War in the Land of Egypt
Author: Yusef al-Qa'id
Translators: Salma Khadra Jayyusi, Olive and Lorne Kenney, and Christopher Tingley
Publisher: Interlink (1998)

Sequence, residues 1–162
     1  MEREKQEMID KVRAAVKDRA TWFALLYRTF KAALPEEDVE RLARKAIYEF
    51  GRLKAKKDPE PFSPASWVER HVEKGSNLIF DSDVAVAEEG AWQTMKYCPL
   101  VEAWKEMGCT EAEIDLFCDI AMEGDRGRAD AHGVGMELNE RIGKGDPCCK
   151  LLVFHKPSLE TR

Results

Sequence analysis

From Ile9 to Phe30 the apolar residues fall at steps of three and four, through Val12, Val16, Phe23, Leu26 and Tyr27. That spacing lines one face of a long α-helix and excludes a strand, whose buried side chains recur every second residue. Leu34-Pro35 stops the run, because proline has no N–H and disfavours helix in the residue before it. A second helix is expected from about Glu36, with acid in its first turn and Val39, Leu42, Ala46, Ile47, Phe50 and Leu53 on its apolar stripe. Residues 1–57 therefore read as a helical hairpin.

War in the Land of Egypt is a Kafka-esque tale of corruption, bureaucracy, and class division, set in Egypt during the 1973 October war. al-Qa'id's ironic parody loses none of its black-comedic bite in the translation to English, while the characters and their motives—though individuals brought vividly to life—are universally recognizable and need no cultural transliteration. Multiple characters representing various strata of Egyptian society relate this tragic farce of how a poor family is crushed by the whims of the rich and the oppressive weight of a bureaucracy designed to serve only the interests of the rich. The sumptuous mosaic of modern life in the land of the pharaohs was banned in Egypt when originally published there in 1975. Artistically, the structure of War in the Land of Egypt is both pleasing and exceptionally fitting as a chronicle of modern Egyptian life. The combined narratives of each nameless storyteller form a pyramid, with Masri—the only named character and also the only one deprived of telling his own story—at the apex. The title too is particularly appropriate, referring not just to the external conflict, but to the ageless struggle that has raged among the Egyptian people themselves. al-Qa'id, a prolific writer with 11 novels and four short-story collections to his name, is one of a new generation of Egyptian writers credited with advancing the relatively new art of the Arab novel. War in the Land of Egypt is a testament to his skills.